China jails 2 reporters accused of faking stories

Staff Writer
Columbus CEO

BEIJING (AP) — A Chinese court on Friday jailed two journalists accused of taking bribes and smearing an engineering company with fabricated articles, one of a series of recent scandals surrounding the state-controlled media.

The Yuelu District Court in the central city of Changsha sentenced Chen Yongzhou to one year and 10 months in jail for what it said were false reports accusing construction equipment manufacturer Zoomlion of announcing phony financial information. Chen was also fined 20,000 yuan ($3,300) and forced to turn over 30,000 yuan (5,000) in alleged bribe money.

The co-writer of the articles, Zhuo Zhiqiang, was sentenced to 10 months and fined 10,000 yuan ($1,600).

Zoomlion's share price took a hit after numerous websites picked up the articles, originally published in the New Express newspaper, which fired the reporters and ran a front-page apology.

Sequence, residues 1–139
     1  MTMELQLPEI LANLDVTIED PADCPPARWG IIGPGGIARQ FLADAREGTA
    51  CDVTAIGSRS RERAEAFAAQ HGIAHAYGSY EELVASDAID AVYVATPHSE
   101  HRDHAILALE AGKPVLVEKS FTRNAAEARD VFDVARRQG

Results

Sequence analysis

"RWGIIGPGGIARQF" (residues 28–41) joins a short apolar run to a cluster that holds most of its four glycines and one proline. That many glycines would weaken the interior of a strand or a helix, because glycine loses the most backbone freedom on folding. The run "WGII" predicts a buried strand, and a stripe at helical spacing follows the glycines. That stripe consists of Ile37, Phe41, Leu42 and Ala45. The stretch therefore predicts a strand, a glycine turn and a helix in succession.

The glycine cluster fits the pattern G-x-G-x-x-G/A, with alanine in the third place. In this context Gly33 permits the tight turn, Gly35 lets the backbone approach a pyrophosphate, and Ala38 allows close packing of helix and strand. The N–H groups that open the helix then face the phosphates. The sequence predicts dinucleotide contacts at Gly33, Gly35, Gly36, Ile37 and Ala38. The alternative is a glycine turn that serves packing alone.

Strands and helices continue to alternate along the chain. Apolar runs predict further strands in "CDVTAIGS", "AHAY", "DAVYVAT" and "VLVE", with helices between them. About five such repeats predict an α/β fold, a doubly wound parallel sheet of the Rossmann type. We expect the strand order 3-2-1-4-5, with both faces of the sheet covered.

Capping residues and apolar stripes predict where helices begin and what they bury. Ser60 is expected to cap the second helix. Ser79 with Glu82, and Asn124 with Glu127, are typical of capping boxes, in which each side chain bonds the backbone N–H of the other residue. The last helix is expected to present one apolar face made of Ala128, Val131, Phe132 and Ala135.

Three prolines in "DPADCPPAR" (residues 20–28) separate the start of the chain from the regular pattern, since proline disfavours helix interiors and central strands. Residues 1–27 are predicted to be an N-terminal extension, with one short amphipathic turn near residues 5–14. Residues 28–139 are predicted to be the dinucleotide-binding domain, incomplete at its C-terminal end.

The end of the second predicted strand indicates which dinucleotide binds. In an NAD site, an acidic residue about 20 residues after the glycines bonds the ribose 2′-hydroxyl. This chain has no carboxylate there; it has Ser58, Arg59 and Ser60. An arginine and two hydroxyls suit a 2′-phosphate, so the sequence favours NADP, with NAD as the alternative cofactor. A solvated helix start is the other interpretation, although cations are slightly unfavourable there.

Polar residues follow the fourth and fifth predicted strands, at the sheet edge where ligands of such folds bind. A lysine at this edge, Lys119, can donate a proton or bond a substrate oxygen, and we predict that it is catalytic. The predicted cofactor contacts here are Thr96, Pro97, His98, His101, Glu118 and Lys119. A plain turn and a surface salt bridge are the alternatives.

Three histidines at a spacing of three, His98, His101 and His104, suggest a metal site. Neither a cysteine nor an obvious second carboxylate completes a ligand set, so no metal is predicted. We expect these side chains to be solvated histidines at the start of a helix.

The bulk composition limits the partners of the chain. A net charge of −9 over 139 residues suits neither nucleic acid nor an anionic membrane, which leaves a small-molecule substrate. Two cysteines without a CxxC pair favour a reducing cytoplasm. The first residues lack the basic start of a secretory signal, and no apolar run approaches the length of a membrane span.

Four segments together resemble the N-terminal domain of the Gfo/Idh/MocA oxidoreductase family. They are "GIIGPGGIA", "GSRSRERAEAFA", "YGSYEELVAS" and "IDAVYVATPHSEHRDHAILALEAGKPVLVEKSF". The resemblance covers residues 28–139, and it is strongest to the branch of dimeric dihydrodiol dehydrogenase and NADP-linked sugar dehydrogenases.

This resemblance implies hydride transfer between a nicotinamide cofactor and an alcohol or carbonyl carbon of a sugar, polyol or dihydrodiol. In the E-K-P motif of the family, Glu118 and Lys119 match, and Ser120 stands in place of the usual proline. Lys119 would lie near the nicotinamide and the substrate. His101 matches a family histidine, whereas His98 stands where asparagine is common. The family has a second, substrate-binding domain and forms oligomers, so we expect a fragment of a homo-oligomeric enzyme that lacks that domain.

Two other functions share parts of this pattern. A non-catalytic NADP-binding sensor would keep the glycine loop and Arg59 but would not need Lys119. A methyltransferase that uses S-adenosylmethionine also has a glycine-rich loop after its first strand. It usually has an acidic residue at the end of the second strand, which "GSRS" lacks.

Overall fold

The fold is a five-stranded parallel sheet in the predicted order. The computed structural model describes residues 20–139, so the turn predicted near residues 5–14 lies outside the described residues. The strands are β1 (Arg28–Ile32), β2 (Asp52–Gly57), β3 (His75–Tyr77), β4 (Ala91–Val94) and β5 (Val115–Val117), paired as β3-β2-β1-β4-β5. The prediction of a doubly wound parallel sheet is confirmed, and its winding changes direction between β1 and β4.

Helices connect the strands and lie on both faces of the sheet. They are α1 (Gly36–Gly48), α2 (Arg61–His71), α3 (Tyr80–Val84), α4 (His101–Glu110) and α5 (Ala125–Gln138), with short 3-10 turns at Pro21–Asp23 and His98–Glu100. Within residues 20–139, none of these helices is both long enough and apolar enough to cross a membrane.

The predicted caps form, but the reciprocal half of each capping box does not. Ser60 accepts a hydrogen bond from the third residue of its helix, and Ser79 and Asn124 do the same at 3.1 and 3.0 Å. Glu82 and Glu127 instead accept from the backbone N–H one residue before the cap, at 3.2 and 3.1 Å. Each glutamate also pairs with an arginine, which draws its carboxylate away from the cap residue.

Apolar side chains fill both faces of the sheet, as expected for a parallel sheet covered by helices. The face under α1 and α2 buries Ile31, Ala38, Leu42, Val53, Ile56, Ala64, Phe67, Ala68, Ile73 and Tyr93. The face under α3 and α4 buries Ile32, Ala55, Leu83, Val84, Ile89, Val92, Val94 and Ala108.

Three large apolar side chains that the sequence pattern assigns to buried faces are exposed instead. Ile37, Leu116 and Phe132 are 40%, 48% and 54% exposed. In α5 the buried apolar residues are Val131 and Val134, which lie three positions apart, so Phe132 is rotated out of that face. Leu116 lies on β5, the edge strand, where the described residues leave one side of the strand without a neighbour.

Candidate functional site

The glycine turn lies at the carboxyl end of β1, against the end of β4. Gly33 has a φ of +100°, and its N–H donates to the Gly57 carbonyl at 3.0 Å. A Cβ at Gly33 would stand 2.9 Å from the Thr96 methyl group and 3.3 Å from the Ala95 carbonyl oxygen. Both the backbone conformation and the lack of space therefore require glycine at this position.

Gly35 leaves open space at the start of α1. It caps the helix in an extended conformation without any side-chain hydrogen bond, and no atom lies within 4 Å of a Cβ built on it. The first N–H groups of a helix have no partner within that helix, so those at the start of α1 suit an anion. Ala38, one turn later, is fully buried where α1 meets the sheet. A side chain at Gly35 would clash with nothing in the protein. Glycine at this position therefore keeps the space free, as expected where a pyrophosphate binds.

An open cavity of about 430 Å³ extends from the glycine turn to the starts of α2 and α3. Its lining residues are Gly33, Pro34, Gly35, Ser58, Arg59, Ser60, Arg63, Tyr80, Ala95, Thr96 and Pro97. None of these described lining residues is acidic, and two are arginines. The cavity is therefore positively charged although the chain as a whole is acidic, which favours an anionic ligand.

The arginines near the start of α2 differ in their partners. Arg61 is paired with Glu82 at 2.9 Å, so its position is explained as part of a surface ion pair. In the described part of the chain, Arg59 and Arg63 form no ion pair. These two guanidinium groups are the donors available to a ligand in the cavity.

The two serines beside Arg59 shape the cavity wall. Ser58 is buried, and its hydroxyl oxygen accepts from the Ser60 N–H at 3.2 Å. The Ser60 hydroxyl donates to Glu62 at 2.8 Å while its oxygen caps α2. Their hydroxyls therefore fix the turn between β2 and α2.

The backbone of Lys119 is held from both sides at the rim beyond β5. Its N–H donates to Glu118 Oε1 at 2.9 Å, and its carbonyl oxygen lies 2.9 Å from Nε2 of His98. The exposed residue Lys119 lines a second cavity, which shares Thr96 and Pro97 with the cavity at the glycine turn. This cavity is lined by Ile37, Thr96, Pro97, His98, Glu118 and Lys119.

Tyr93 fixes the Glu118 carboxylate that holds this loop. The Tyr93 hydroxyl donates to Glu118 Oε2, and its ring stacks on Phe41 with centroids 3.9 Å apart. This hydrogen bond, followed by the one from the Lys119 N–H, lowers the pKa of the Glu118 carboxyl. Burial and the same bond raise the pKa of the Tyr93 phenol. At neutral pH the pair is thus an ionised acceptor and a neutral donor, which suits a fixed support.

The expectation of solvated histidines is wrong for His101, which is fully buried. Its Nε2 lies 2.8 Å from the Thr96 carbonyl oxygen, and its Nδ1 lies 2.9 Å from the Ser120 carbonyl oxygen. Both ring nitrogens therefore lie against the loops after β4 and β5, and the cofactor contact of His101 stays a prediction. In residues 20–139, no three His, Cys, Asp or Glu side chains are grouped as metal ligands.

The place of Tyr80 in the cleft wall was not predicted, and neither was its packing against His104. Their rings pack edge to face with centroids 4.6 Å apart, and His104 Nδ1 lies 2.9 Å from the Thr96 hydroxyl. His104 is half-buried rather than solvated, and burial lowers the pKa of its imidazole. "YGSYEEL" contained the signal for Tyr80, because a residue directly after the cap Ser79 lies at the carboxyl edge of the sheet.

The court didn't say who bribed them or why, although stock manipulators and extortionists increasingly employ false media reports for financial gain or to inflict harm.

Business news in China is especially fertile territory for corruption because many executives are willing to pay bribes to win a competitive edge, and many low-paid journalists turn to extortion to make extra money.

Last month, police in Shanghai detained the chief editor and several employees of an influential website belonging to the 21st Century Business Herald newspaper on allegations they extorted money from companies by threatening to publish negative reports.

Separately, a reporter for the Hangzhou Daily in eastern Zhejiang province allegedly took more than 300,000 yuan ($49,000) from a public relations company in return for positive coverage. Reporters covering the coal industry have also been known to accept bribes or advertising contracts in exchange for covering up deadly mining accidents.

Even state broadcaster CCTV has been implicated, with the director of its financial news channel accused of demanding hefty public relations fees to avoid negative news coverage and offering positive coverage in return for advertising contracts and stock options.

Experts say the corruption is enabled by China's lack of a free press and independent media watchdogs that could expose false reports.